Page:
Huge. Like an IRS audit.
Lots of questions about everything.
Diagrams of where it hurts and how it feels.
I have an equally hefty envelope filled with my medical records and I have to go to the MRI place and get my film....only so they can compare it to the super duper MRI film they will take there. (And point and laugh at all of us who do not live in SF and have first generation MRI machines).
Oh, and expect to spend four hours MINIMUM.
MY appointment is at 3:30, so we can drive up that day, sit in a hospital all afternoon, spend the night and drive home the next day. Well, I"LL be sitting in the hospital. Mike will be pacing like a caged bear. I am going to send him AWAY as soon as we talk to the doctor (I disremember all the crappy things that happen---like the horses in the ER, the side of the road in flames.....those kind of details). After that, he has to LEAVE. Find a hotel and some real food. I can deal with a lot of things, but being poked and prodded and MRI'd (I hate MRI's. They are like being in a garbage can with apes banging on the outside)....well, I can;t tend to him. It's San Francisco. He can find something to do. It is across the street from the park. He'll be fine.
Oh, here is what I found on the website.
Totally more scary than what I had previously managed to scare myself with.
Brain arteriovenous malformations (BAVMs) are an infrequent but important cause of stroke, particularly in a young population. Current invasive treatment strategies are varied and include endovascular procedures, neurosurgery, and radiotherapy. All of these treatments are administered on the assumption that they can be achieved at acceptably minor complication rates, decrease the risk of subsequent hemorrhage, and lead to better long-term outcomes.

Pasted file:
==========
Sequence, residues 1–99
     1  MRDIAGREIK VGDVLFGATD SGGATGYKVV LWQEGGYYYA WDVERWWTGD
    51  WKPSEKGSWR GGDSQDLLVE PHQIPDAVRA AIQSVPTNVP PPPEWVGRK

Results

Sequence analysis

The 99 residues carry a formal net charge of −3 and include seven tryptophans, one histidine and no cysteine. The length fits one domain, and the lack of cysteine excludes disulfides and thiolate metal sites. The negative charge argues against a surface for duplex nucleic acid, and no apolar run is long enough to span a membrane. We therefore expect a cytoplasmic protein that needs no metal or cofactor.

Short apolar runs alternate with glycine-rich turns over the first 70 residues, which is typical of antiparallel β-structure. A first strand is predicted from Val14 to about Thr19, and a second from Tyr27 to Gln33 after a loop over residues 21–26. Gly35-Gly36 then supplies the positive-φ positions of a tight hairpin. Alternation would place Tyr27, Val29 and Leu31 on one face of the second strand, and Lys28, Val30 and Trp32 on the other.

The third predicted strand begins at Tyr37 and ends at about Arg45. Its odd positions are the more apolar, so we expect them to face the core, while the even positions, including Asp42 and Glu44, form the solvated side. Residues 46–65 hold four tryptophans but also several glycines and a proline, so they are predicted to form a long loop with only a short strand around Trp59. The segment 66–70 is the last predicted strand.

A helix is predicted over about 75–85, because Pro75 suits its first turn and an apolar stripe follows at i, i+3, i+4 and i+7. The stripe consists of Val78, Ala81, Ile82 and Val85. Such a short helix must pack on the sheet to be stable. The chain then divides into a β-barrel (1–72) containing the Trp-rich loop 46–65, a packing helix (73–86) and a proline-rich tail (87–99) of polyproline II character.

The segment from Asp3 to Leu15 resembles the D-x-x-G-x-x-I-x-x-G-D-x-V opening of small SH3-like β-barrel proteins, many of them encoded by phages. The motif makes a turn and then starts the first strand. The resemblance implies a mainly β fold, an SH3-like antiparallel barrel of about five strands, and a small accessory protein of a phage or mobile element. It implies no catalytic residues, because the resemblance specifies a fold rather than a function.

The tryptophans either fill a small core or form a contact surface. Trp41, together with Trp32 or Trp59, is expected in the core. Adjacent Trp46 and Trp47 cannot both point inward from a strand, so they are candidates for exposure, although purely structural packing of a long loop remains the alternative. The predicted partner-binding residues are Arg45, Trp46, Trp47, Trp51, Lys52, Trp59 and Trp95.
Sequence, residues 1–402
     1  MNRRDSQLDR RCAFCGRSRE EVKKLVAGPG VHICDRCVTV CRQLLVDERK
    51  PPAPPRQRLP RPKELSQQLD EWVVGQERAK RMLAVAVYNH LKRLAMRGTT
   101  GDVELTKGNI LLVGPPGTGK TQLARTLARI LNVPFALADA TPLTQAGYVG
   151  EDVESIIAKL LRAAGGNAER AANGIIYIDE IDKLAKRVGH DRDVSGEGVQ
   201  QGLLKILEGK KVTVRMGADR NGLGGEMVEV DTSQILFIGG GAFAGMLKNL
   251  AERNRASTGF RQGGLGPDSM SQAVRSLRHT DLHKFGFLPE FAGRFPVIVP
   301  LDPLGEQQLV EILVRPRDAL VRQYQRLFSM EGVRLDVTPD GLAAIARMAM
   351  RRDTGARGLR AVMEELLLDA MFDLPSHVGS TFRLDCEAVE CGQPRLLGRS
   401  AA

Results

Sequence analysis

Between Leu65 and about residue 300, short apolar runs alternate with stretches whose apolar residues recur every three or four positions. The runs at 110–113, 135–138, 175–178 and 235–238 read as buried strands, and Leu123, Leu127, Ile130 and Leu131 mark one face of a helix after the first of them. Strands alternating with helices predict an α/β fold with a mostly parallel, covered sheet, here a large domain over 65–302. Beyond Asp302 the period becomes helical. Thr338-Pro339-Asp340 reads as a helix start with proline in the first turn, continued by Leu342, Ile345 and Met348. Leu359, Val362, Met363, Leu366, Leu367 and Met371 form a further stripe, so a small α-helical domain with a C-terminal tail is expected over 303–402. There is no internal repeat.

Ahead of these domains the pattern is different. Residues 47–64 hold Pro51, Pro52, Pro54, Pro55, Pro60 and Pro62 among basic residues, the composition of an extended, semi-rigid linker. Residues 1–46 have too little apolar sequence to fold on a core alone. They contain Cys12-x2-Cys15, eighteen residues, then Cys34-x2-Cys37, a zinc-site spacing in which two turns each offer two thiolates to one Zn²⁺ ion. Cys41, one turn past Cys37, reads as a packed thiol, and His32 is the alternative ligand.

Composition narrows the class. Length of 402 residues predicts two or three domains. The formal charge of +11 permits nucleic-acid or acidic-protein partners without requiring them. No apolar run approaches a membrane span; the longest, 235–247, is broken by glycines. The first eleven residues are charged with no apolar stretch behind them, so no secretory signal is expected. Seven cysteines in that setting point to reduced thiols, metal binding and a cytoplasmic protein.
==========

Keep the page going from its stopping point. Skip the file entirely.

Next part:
Procedure: invasive therapy [endovascular procedures, neurosurgery, or radiotherapy, alone or in combination]
All interventional procedures are standard of care for the treatment of AVMs. They are not experimental.
Endovascular procedures involve specially designed catheters/tubes position in the small arteries feeding blood to the AVM. The tubes are inserted into an artery in the groin and threaded up through the artery into the brain. Once positioned, the physician injects a special material that changes from liquid to solid very quickly. Once it solidifies, it blocks the artery that is feeding blood to the AVM. (I think it might be Krazy Glue).
Neurosurgery involves the opening of a portion of the skull and the brain's outer lining to get access to the AVM.
Radiosurgery involves high energy radiation (like X-rays) carefully targeted at the brain AVM to shrink it and, in the best results, eventually eliminate the artery-to-vein links and the risk of bleeding.
WHO THINKS THIS STUFF UP?